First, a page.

By examining the available web analytics data about where they came from and their behaviour on the site, we can draw some informative conclusions about Internet memes.

  1. A few popular sites can spread infections rapidly – Those 40,000 visitors all originated with six email messages and a post on my personal site. Do your research, pick the most relevant and popular sites, and start with them.
  2. The ‘long tail’ matters – Only 16% of all visitors came directly from one of those four originating sites. The vast majority of traffic came from over 500 additional, less-popular sites and other sources. A meme builds your web presence one visitor at a time.
  3. We can’t penetrate Internet dark matter – I use the term ‘dark matter’ to refer to alternative, unmeasurable paths to the site. Many visitors, for example, transmitted and received the meme through email. Others used online chat clients like MSN or Yahoo Messenger. Ensure your meme is easily explained for these communicators.
  4. Social bookmarking matters, sometimes – Memes are often tracked on popular social bookmarking sites. The site that referred the most visitors? StumbleUpon, a venerable website that helps users make discoveries online. On the other hand, only about 300 visitors came from the Web’s most popular site of this type, digg.com. That’s because the site never made the front page of digg.com, the result of which sees several hundreds of thousands of visitors to a site, often crashing it with the so-called ‘digg effect’. Don’t ignore the social bookmarking sites, but don’t obsess over them either.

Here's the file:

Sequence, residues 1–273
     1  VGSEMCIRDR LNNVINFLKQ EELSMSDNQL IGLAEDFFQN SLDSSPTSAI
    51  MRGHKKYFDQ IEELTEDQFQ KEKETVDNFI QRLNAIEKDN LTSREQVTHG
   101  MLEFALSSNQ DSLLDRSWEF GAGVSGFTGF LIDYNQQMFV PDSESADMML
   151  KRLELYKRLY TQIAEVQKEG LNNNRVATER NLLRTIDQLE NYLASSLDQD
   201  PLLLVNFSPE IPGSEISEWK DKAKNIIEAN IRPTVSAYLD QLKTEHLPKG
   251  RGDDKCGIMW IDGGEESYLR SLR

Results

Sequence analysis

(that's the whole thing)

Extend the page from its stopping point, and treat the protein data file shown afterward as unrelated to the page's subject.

5. Be multilingual – If you have a global audience (and you probably do), try to build memes which either transcend language, or are available in popular languages. At least 20% of the visitors to iCryptex.com came from a non-English website. When done right, memes can dramatically increase a company’s online visibility. The web’s particularly characteristics – its permanance and its one-to-many publishing model – make it a veritable hot tub for viral ideas.

Footnote: If you’d like to look at the website analytics data for iCryptex.com, go to Google Analytics and log in using memearticle@gmail.com, password mimeme.

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One thought on “The Meme Epidemic – A Case Study

  1. Sanjiv Purushotham

    Hi. Thanks. This is the first reasonably intelligible explanation of viral marketing on the web that I’ve come across. I am old school (Direct Mail, Telesales and Print) marketer who’s trying to fathom the web and mobile marketing world. Any examples of successful “meme” marketing in the mobile world?